Every fish and its dog
  |  First Published: February 2006

You can feel it in your bones, smell it in the air – it’s action time.

This is the season I wait for: Predictable warm water, clear skies and heaps of fish. Port Stephens is swinging out of holiday mode and now it’s just the smiling diehards who are carrying a fishing rod and a bucket.

We now have the greatest number of species available, with every fish and its dog turning up. Outside the Heads now you can catch snapper, jew, kings, cobia, pearl perch in increasing numbers, along with big nannygai and a whole heap of others.

We don’t normally get mangrove jack, mackerel or tuskfish here but we’re hoping the mackerel just might pay us a visit this year after a long absence. And we haven’t even talked about the game fish like marlin and mahi mahi, which are at the peak part of their season right now – so what are you waiting for?

Family groups are concentrating their efforts inside the Port, where trumpeter whiting provide non-stop entertainment for the kids. The little trumpeters are swimming proof that kids don’t need to catch big fish to have big fun.

They are spread right throughout the system, from Middle Harbour around Corlette, west up into the backwater and feeder streams from Lemon Tree Passage to Karuah. Trumpeters have the bonus of performing particularly well in the kitchen.

Big lazy bream have gathered inside the Nelson Bay boat harbour along the breakwall and are cruising under the oyster racks that fringe the port.

Flathead arrived early last Spring and are still crunching plastics off Corrie Island, Tilligerry Creek and right up the Karuah River. Monster duskies have snuffled into the sand underneath the trawlers in Nelson Bay. A mate dived down to check a mooring and came face to face with a giant fish and my mate didn’t stop swimming until he was half-way up Teramby Street!

Sand whiting have hit their straps on the beaches inside the port. You can see them while you are having a swim at Shoal Bay or Fly Point. They bite best near the top of the tide early of a morning.


Among the Port Stephens must-haves are squid jigs and a few witches’ hats, as the blue swimmers are hyperactive west of Soldiers Point and squid have gathered over the seagrass in Shoal Bay and around the moorings in front of the pub.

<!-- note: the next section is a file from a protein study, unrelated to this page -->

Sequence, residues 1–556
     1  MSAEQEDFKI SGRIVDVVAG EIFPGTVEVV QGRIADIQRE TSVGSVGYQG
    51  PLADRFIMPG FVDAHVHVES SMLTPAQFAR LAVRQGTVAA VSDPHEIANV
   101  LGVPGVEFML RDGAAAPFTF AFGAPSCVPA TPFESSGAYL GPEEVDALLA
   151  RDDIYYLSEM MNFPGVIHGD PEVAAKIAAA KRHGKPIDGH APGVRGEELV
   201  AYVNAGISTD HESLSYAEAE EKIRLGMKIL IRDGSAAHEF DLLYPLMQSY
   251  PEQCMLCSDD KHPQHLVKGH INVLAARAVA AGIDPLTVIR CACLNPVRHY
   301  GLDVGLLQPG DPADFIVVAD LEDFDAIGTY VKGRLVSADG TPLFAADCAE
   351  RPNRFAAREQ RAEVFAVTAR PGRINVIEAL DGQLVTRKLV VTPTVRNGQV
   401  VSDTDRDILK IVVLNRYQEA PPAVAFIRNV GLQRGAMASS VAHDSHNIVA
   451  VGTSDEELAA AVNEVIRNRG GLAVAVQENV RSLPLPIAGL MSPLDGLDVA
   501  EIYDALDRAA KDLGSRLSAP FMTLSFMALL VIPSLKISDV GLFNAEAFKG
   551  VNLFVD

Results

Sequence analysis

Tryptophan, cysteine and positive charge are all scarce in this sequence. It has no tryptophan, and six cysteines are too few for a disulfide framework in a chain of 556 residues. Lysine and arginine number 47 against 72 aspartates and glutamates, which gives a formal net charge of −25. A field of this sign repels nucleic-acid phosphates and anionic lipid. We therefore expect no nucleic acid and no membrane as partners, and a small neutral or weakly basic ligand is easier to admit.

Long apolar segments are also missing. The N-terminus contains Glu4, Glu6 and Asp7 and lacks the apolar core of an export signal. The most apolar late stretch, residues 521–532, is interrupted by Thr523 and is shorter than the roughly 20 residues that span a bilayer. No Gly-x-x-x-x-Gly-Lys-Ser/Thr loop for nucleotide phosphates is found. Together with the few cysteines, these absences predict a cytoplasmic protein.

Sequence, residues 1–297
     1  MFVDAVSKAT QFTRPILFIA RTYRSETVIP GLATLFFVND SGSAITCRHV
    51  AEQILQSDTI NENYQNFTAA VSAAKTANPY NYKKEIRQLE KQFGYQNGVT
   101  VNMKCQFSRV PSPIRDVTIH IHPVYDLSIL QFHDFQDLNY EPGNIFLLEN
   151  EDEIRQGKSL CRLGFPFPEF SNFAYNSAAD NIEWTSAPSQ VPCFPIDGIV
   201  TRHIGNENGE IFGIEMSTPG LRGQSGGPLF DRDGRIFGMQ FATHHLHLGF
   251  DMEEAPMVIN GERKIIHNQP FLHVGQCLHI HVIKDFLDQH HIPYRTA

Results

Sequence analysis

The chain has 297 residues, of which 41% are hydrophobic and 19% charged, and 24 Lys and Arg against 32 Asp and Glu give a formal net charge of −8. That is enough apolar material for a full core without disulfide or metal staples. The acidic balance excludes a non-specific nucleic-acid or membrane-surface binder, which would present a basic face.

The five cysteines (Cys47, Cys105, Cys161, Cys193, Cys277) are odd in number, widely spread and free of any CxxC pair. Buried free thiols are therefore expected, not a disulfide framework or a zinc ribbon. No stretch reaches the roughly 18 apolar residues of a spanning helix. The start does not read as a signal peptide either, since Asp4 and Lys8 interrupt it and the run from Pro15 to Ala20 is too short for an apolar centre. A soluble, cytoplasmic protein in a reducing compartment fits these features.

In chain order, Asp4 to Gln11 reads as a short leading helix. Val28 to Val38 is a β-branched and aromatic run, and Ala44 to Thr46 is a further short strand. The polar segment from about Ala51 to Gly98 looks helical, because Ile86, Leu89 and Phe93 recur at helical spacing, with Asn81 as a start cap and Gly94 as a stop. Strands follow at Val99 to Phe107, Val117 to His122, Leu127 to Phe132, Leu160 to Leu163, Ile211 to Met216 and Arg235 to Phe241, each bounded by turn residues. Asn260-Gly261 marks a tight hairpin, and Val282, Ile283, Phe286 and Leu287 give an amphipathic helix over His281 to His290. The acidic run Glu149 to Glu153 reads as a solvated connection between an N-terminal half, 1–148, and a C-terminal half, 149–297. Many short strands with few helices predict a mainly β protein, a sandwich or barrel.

Off the rocks squid up to a frightening 1.5kg are gathering in the out of the wind and swell. There is a growing band of committed squidders around here who don’t give two hoots if the fish are biting as long as they can catch a squid.

Cracker snapper are swimming through the whitewater when the sea lifts, particularly around Boat Harbour and Fishermans Bay. I bagged four super snapper between 3kg and 5kg fishing out of Stinkpot, my 3.2-metre tinny during a recent big swell. It was less than a five-minute ride from the beach and I reckon I used a cupful of fuel.

Magnificent sand whiting are on all the beaches from Stockton to Fingal. Jewfish, the odd bream and of course salmon are never far away.

Snapper are still all the talk outside. Squid heads, pilchards, slimy mackerel fillets and king prawns are the best baits but, as is happening everywhere else, the big movement is towards soft plastics with catches up to 30 and 40 snapper released on the rubbers.

The local butcher ate one of the soft plastics . “A bit like jelly snakes,” he told me and he reckons they taste far better than pilchards. (Don’t think of doing the same – soft plastics contain some rather toxic substances! – Editor)


The local fishing community and businesses that rely on angling are a bit edgy lately because of the marine park process that’s under way at the moment. It’s a massive issue and deserves everyone’s full attention because what happens now influences what will occur down the track.

Community consultation is taking place and we are aware that up to 20% of our best fishing zones may well be lost. At the moment we’re negotiating with authorities so that the outcome will inconvenience as few anglers as possible.

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